As a result, violence continues to plummet, with attacks throughout Iraq down 60 percent since June and civilian deaths down 75 percent from a year ago. Iraqis are returning home by the tens of thousands. The incoming flow of foreign fighters have been cut in half. And despite a “surge” of troops, American combat deaths are near all-time monthly lows in Iraq. This is all wonderful news.

All the while, the Defeat-o-cratic leadership in Congress (Reid, Pelosi, & co.) and the Defeat-o-cratic presidential candidates have done everything they can to deny — obvious — progress....

So, with their “defeat in Iraq” talking points in shambles (what happened to the “religious civil war with no end in sight” talking point?), this weekend’s news was a deathblow to defeatists. The Iraq parliament passed national de-Baathification legislation, and the New York Times printed it on the front page, which means it must be important, right?

For months the only argument the antiwar crowd could cling to was: “The surge has not brought about the national-level political progress it was intended to induce.” Ergo: We lose, bring ‘em home. While this argument requires a “willing suspension of disbelief” in light of recent improvements in Iraq, it was “technically” true.

No more.

The Iraqi parliament, flaws and all, came together — Sunni, Shia, and Kurd — to craft a law that relaxes restrictions on the right of former-members of Saddam Hussein’s Baath party to fill government posts. The law will reinstate thousands of Baathists in government jobs from which they had been dismissed shortly after the war.

In short, less than five years after the fall of a genocidal Sunni dictator — who killed thousands of Shiites and Kurds — a democratically elected Shia government granted de-facto “amnesty” to former Baathist co-conspirators. Kind of makes our domestic illegal-immigration “amnesty” debate look silly, doesn’t it?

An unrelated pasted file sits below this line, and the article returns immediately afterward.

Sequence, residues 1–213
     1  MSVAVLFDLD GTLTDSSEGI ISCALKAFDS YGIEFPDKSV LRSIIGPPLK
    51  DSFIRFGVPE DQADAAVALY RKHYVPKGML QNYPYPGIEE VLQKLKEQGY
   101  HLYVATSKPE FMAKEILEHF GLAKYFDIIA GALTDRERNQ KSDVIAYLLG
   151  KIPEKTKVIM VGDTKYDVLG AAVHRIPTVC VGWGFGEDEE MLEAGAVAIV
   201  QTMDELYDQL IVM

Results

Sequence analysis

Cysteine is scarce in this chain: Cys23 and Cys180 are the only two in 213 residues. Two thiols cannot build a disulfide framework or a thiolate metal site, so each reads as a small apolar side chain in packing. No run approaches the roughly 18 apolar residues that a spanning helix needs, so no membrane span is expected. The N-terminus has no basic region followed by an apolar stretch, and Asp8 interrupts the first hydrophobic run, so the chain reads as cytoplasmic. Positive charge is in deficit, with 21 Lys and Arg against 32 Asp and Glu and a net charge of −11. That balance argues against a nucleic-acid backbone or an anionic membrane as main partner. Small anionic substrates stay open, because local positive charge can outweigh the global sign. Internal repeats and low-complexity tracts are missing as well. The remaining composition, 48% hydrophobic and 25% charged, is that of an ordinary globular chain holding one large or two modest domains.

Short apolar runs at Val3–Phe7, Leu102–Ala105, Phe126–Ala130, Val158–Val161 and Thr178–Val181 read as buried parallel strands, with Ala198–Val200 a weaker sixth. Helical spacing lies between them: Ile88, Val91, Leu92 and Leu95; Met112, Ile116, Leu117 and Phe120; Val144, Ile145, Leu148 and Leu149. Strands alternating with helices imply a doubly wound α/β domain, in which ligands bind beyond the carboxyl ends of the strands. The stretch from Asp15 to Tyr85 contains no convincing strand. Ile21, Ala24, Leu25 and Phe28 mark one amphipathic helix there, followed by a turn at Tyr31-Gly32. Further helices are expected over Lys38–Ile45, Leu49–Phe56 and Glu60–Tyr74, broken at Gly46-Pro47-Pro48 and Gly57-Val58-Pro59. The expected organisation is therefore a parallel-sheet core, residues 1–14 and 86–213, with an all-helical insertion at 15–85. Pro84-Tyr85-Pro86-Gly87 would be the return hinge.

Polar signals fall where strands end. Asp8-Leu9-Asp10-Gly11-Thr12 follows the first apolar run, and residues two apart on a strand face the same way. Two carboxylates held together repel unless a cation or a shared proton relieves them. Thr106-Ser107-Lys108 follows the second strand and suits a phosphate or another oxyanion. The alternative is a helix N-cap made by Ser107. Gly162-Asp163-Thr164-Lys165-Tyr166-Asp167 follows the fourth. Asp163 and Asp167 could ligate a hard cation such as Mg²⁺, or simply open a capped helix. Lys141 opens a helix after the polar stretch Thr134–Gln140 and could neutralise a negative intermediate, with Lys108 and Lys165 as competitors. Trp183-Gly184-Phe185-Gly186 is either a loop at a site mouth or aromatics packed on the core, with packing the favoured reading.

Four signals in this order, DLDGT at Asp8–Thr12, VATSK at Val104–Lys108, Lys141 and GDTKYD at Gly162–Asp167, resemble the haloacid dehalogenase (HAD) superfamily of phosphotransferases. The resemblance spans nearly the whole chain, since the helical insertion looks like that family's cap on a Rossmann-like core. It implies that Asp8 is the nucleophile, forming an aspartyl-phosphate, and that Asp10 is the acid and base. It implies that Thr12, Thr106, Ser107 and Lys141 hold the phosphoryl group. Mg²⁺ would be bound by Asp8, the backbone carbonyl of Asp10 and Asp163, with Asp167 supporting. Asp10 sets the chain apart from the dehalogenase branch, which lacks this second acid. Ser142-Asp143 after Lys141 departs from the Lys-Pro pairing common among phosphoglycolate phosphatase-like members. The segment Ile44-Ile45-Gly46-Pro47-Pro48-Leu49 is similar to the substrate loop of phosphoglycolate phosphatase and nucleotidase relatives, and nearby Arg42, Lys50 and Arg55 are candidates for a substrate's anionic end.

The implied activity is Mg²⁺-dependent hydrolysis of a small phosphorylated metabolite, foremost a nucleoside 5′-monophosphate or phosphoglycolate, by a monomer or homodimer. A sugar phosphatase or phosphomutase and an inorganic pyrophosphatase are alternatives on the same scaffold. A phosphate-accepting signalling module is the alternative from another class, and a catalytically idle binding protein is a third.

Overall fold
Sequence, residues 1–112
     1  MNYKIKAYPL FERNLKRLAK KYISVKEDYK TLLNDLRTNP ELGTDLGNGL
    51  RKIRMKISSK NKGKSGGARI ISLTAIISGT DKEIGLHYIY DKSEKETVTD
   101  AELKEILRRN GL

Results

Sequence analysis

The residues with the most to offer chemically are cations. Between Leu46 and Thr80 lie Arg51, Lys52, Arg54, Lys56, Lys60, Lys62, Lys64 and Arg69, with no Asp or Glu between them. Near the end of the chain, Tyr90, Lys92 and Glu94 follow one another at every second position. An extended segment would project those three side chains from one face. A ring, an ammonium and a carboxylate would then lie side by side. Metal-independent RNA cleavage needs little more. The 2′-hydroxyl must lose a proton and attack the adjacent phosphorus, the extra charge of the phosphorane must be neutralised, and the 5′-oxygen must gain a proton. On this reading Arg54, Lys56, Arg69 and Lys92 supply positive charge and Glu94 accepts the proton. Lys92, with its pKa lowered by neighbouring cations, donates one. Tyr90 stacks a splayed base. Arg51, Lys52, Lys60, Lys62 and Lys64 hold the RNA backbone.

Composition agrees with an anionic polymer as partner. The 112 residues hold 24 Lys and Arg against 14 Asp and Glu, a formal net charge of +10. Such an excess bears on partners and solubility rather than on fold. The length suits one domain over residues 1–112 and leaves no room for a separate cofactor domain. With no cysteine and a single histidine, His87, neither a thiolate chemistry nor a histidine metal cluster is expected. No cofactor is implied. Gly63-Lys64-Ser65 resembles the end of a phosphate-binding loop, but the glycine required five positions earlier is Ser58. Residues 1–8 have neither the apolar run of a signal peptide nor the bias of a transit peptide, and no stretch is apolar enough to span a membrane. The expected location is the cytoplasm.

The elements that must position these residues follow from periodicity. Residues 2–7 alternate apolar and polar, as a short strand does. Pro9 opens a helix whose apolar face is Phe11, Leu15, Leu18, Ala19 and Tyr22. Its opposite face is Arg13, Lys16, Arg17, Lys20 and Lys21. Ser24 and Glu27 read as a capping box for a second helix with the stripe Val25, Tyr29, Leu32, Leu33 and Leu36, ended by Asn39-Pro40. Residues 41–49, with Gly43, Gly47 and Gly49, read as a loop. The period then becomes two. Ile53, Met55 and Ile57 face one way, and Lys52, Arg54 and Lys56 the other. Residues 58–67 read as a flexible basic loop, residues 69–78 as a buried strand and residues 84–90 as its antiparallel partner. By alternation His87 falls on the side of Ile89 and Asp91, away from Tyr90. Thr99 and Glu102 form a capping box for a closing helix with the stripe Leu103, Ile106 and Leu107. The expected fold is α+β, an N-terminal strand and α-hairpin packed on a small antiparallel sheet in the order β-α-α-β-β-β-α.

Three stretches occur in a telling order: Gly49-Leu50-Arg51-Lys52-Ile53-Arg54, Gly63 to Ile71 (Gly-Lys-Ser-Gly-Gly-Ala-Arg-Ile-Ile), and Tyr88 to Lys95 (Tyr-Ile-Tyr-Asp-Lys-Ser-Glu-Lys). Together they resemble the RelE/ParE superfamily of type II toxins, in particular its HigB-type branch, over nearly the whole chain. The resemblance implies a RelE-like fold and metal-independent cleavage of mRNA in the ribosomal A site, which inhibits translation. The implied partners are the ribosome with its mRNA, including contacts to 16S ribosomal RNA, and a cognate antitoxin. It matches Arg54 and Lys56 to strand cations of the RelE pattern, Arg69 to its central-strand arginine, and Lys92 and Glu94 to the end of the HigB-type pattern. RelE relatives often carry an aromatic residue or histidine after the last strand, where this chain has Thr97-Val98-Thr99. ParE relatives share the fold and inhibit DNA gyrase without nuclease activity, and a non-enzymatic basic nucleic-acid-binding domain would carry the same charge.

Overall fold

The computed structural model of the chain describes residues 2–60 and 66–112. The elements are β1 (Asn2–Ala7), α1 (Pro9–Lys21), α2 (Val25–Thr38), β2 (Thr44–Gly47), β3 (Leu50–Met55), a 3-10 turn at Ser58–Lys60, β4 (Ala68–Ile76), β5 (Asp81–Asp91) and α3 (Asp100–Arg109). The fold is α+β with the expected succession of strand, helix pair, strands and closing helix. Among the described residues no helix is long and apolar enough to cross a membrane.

We should expect more progress in Iraq, although results will be mixed and the streets will not be quiet soon. But this groundbreaking settlement is a testament to the potential for political reconciliation, provided the security environment is stable enough to allow politicians to peek out from behind their sectarian divisions.

The Washington Post is cautiously optimistic on Iraq's reconciliation. But the eidtors agree: Things are moving forward, and the situation is a world away from the chaos of just over a year ago.

It's no wonder the economy's become the new hot button issue in the election. Improvement in Iraq will decrease demands for immediate withdrawal, and the Democrats will turn to demonizing the Bush administration for the collapse of the domestic welfare.

The national security issue never goes away, of course, and rightfully so.

Despite Captain Ed's comments to the contrary, the Democrats have a very well developed direction for the U.S. in international affairs: abandon Iraq, cut defense, and weaken U.S. sovereignty through greater multilateralism in U.N.-backed international agreements.